Let me be real here. Hygiene is not a topic that I like to talk about. I’m embarrassed; it’s one of the least talked about social skills, yet the one you’ll be judged most for not complying with. I have spent my entire life battling with hygiene, mostly because the barriers to success are twofold. One, what is considered hygienic is highly dependent on the society, and two, the majority of activities that are categorized as hygiene are very sensory heavy.
My current cleaning challenges are not new. Since I was very young, I’ve had an aversion to things that had, what I called, ‘slimy’ textures. There’s even proof! Home video exists of an adorable toddler me, fighting with my mom about sunscreen. It wasn’t a tantrum, no, in true me fashion, I slowly back away, grunting and flapping. Interestingly, that’s still my reaction to lotion.
The minute I was old enough to not require supervised bathing, I began looking for solutions to limit my exposure to it. Baths made me feel slimy, and showering got my face wet, no matter how hard I tried to avoid it. I did learn quickly that if I turned on the shower and then sat in the bathroom reading for 20 minutes or so, no one really questioned whether I actually got IN the shower or not. On top of that, my biracial hair, while not as porous as my father’s, only needed to be washed every few weeks. Which was good, because when it was long, most of the way down my back, it took at least 24 hours to dry. If I was lucky. Since then I’ve perfected the ideal balance of waiting just long enough to shower. My hair is also very short, so it can remain unwashed almost indefinitely.
In high school I solved another hygiene problem- I hate wearing clean clothes. The smell of detergent, even scentless, is unpleasant, and while most people love putting on crisp clean clothes, I vastly prefer putting on something that I’ve worn for days. Or weeks. Turns out, everyone in their teens is going through their smelly puberty phase, no matter how much body spray they put on to cover it, and if you wear jeans and a hoodie every day, no one can really tell how often you’re changing them. Teenagers can be very self-centered. Thank goodness.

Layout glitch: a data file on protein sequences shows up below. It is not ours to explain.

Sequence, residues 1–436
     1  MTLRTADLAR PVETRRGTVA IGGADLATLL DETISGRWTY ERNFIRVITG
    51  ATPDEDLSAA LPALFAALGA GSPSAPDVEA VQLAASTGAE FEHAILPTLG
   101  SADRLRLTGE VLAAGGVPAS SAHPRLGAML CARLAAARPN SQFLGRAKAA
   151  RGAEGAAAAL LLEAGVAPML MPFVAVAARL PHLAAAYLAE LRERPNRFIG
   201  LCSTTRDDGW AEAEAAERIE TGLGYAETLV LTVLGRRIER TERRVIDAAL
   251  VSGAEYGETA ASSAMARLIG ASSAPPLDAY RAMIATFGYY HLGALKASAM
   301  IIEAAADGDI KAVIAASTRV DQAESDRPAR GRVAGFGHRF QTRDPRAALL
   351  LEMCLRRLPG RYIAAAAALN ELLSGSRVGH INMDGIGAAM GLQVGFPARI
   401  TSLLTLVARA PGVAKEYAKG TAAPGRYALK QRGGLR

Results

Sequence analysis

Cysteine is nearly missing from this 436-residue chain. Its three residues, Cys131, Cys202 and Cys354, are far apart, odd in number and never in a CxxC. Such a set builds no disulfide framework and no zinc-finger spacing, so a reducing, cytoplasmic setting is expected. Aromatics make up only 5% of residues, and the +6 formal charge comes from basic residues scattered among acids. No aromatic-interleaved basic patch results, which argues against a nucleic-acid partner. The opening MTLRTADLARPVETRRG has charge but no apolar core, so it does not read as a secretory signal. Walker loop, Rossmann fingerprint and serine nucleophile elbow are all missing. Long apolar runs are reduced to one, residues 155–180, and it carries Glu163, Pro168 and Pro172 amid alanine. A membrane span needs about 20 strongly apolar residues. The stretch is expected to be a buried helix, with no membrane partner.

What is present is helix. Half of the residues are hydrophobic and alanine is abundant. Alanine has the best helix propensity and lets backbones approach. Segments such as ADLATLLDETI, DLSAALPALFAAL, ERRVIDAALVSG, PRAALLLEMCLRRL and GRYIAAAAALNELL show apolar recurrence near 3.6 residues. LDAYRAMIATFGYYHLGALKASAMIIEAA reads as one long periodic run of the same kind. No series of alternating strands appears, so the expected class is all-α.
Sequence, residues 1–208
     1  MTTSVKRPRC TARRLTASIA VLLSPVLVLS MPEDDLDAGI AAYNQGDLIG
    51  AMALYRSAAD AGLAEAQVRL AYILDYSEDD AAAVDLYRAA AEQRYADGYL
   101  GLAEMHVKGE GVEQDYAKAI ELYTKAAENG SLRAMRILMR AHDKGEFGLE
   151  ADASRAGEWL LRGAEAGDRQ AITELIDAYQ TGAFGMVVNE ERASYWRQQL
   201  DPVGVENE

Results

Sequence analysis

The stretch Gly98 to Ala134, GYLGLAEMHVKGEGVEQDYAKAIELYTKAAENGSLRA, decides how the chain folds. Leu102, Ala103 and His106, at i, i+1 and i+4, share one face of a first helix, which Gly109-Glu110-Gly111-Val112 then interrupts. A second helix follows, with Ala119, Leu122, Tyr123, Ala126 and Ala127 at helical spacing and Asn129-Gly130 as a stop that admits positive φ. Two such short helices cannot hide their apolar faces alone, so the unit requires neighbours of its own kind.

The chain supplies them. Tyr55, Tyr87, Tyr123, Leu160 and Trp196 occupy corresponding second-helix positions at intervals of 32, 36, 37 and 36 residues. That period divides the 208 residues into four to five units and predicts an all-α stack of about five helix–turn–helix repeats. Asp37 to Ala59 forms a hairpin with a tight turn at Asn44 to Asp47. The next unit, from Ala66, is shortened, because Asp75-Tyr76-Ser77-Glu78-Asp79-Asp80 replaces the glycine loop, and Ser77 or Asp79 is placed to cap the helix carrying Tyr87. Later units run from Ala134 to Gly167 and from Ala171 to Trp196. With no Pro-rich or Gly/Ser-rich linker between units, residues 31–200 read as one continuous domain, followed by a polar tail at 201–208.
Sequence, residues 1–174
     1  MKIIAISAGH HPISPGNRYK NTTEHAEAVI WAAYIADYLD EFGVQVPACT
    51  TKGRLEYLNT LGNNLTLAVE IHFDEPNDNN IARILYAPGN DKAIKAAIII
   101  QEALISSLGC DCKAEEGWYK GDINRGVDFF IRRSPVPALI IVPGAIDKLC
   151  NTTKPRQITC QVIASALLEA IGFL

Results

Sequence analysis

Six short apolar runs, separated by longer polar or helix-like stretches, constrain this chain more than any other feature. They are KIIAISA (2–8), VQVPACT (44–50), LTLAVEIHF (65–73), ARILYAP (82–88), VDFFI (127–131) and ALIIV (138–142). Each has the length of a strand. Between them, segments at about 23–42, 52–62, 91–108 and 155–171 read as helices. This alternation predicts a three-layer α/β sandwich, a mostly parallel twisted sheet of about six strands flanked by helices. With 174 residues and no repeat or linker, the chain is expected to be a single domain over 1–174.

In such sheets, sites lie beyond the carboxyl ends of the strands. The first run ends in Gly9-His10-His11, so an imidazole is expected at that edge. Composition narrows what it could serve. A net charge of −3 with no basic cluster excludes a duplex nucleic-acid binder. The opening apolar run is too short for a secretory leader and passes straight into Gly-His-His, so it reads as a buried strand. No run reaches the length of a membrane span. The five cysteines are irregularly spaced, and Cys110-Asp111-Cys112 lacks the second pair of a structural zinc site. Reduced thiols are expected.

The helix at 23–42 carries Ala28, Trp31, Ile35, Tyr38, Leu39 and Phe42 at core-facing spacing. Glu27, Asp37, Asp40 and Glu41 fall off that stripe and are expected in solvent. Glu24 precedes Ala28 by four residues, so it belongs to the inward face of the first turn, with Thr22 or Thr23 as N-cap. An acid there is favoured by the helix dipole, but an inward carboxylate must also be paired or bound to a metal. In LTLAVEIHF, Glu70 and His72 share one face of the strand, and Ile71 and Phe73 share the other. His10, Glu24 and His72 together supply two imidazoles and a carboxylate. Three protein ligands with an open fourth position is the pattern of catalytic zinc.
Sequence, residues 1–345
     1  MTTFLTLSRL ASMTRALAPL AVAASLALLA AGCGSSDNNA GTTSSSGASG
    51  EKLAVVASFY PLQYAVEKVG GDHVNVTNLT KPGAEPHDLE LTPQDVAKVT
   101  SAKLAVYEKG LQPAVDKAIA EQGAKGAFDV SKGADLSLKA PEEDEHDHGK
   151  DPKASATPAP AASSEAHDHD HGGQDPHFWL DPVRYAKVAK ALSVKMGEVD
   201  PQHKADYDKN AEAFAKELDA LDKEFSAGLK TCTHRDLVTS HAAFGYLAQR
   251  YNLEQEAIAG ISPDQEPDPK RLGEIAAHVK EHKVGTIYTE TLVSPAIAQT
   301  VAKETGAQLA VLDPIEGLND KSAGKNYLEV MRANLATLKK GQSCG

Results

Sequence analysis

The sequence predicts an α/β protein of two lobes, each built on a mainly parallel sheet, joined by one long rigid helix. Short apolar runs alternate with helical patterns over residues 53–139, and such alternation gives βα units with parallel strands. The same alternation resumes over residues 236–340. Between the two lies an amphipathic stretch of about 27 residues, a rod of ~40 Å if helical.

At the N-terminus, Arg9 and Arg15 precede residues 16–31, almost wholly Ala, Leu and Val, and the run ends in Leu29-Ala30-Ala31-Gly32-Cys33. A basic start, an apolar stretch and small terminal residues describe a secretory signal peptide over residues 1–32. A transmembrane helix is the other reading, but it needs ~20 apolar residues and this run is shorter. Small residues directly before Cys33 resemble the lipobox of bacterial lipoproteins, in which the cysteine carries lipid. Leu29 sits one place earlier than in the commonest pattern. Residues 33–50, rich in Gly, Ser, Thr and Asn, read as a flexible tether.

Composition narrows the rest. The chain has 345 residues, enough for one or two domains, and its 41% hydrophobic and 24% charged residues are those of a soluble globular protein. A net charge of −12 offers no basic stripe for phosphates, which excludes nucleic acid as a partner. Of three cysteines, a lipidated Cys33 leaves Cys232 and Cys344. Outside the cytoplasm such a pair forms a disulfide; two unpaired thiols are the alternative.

Becoming an adult brings new hygiene expectations, and I struggled to meet them. Working with kids meant that it was acceptable to wear comfortable clothes, but being socially acceptably hygienic was a puzzle. What was the maximum length of time between showers that I could get away with? Would my fuzzy curls give away the fact that they weren’t being washed? And worst of all, would the kids give me away by informing me at the top of their lungs that I was smelly?
Autistic Burnout and mental health issues plagued my twenties. Which was bad for my career, but good for my hygiene preferences. When you never leave the house, showering, teeth brushing, and changing your clothes suddenly become unnecessary. Granted, having a very understanding spouse in this situation is important too. While my wife definitely encouraged me, constantly, it seemed, she was very understanding of my reasons for not conforming to social cleaning standards. Plus, she was amazing at taking stubborn tags out of clothes. We also made deals, if I showered, I had to put on clean clothes (even socks!) and if we were leaving the house, deodorant was necessary. Even I couldn’t deny that it was reasonable.
An autism diagnosis changes a lot of things. A lot. So many things start to make sense, and for me, hygiene was a big one. Framing my many issues as sensory problems suddenly made them more understandable. I don’t like water on my face because of how it makes my skin feel. I despise brushing my teeth not only because the toothpaste tastes terrible, but also because it makes the surface of my teeth feel different. Changing clothes had to do with things smelling different, and also with the texture of the cloth changing. Seeing it all this was made me feel less guilty about not caring about societal expectations.
Occupational Therapy did not begin pleasantly. There were so many things that I wanted to work on, and all my OT wanted to talk about was hygiene. We had sticker charts, we made routines and schedules, we even devised a reward system for when I made my hygiene goals. Most of these flopped. Luckily, my occupational therapist, who knows me so well at this point that it’s infuriating, realized that forcing these changes on me without delving into what the base issues were was useless. This is still a work in progress. Clearly.
I spend a lot of time explaining the way that I think. How autism affects who I am as a person, and how I live my life. That’s not what I’m talking about here. I’m putting my struggles out there, specifically because it’s not something I can really explain. Yes, I know that the issues are sensory based, but there’s no reason why enacting small changes should be so hard for me. These issues have existed my whole life. I’ve spent my whole life trying to minimize my contact with cleanliness. Even this doesn’t explain my problems. Two steps forward, one step back. Sometimes two steps back. Sometimes three. I fear that I will be fighting this thing for the rest of my life. I fear that no amount of stickers, or rewards, or distractions will decrease the stress I experience on my scheduled teeth brushing day. I fear that it’s not worth it. Is it worth it?